By William Watts
Falling bond yields set the tone
It all comes down to bonds.
A closely watched U.S. dollar index fell sharply on Tuesday, accelerating the pullback from a 20-year high and giving stocks and commodities room to rebound. But the pace of the foreign exchange market, as well as other assets, remains largely a function of the bond market, Kit Juckes, global macro strategist at Societe Generale, said in a Tuesday note (see chart below).
Treasury yields, which had accelerated a rise following the Federal Reserve’s September 20-21 meeting, were down as investors weighed the prospect of a so-called pivot by policymakers away from its trajectory of rapid and aggressive rate increases.
“This is not the first time that an upward trend in US bond yields and a downward trend in equity indices has been interrupted by a correction in the former. US 10-year Treasury yields have suffered significant corrections in May and again in June/July, which all bear markets rally to the stock market,” Juckes wrote.
The following August-September rise in the 10-year Treasury yield, from 2.6% to almost 4%, gave the ICE US Dollar Index a nearly 10% increase and sent it plummeting the S&P 500 by more than 10%, with major indexes ending last month at their lowest levels since 2020, he noted.
The Treasury sell-off is taking a break, with yields falling sharply across the curve. The 10-year yield, which briefly topped 4% late last week, was trading near 3.623%. The ICE U.S. dollar index, which tracks the currency against a basket of six major rivals, fell 1.3% on Tuesday, leaving it down 1.6% in the past two days after hitting a low. 20+ year high last week. The pullback saw the index erase the strong gain it had seen following the Fed’s rate hike on Sept. 21.
Stocks rebounded strongly in early October and into the fourth quarter, with the Dow Jones Industrial Average, S&P 500 and Nasdaq Composite each up more than 5% in the past two sessions.
See: ‘It’s not healthy’: Stocks’ latest advance could signal more trouble for markets. here’s why
A strong dollar was seen as a headwind for equities, especially large-cap multinationals that rely more on overseas sales. The strong dollar has also been blamed for helping send crude futures to eight-month lows in September and sinking gold. A stronger dollar is seen as a burden on commodities that are priced in the unit, making them more expensive for users of other currencies.
The U.S. crude benchmark jumped more than 8% this week on expectations that OPEC+ will lead to a major output cut and the dollar retreated. Gold futures rebounded 3.7%.
The dollar, of course, was seen as highly stretched against its main rivals. The pound plunged to an all-time low against the US dollar late last month as the UK government’s fiscal plans sparked a budget crisis that forced the Bank of England to start buying government bonds UK to avoid the collapse of pension funds.
The euro has rebounded 1.8% against the dollar this week, but remains down more than 12% so far this year and continues to trade below parity with the US dollar. Last month, the Japanese yen traded at its weakest against the dollar since 1998, ultimately prompting a rare intervention in the foreign exchange market by Japanese authorities.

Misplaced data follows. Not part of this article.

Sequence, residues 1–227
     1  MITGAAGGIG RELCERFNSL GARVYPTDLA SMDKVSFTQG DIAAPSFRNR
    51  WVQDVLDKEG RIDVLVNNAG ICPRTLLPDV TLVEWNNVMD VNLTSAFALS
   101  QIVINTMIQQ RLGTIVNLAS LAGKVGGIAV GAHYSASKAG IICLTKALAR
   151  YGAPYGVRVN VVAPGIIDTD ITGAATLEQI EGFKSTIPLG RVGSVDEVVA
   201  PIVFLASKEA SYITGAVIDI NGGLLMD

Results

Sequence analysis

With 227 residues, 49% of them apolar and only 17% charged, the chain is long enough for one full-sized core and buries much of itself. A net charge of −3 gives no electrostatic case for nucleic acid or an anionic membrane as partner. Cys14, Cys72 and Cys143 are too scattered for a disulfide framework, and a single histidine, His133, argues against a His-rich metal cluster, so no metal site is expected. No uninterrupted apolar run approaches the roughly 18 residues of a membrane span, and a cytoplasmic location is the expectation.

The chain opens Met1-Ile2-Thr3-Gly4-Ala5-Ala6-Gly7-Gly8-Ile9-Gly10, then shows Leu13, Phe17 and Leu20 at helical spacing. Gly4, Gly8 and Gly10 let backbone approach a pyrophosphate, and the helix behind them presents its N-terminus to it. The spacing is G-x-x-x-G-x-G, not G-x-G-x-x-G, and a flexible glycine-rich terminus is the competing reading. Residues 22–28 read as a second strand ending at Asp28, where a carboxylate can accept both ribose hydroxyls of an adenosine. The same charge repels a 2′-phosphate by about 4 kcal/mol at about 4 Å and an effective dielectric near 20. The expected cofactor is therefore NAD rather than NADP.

The retracement of the dollar is due to factors likely to fade, said Bipan Rai, head of foreign exchange strategy at CIBC Capital Markets.
“The first is the profit taking in the tactical buys that have been building over the last few weeks. The second is the “peak rates” narrative that has taken a bit of life due to the softer ISM, [job openings data] and lower break-even/inflation swaps lately,” Rai told MarketWatch in an email.
Indeed, analysts cited expectations that the Fed could be nearing the end of its rate hike cycle as signs of cracks appear in global financial markets and U.S. data begins to soften as a factor. behind the rally in equities and bonds (bond yields move contrary to price).
Rai was skeptical that the dollar’s pullback would hold up.
“We suspect the market will start to fade again – as the data points that matter (employment + core CPI) still indicate that the Fed has work to do. terminal for the Fed will keep the USD supported on the dips,” Rai said. The terminal rate refers to where the federal funds rate will peak.
Meanwhile, the Reserve Bank of Australia fueled “pivotal” expectations on Tuesday by offering a lower-than-expected rate hike and saying future moves would depend on the data.
“Will the Fed follow the RBA and move toward a slower pace of policy tightening, lowering the dollar’s smile in the process and triggering a deeper wave of short hedging for other currencies? ” Juckes asked. The “dollar smile” refers to the tendency of the US currency to rally when the US economy significantly outperforms or underperforms its peers.
Read: What does a pivot look like? Here’s how Australia’s central bank framed a dovish surprise
Stocks extended their gains on Tuesday, while Treasury yields and the dollar fell further after a job vacancies and turnover survey, or JOLTS, indicated some easing in a tight labor market. Juckes, writing ahead of the JOLTS report, said this week’s data, including Friday’s September jobs report, will likely set the tone for weeks to come. But he was skeptical. Treasury prices have plenty of room to continue their rebound (yields move opposite to price).
“My bias is to think that this bond market rally has gone as far as it could go, and when yields come back up again, stocks will struggle and the dollar will regain its mojo,” Juckes said. “At that time, the forex market, after exhausting itself trading the pound in recent weeks, could return to selling the euro.”
–Joseph Adinolfi contributed to this article.
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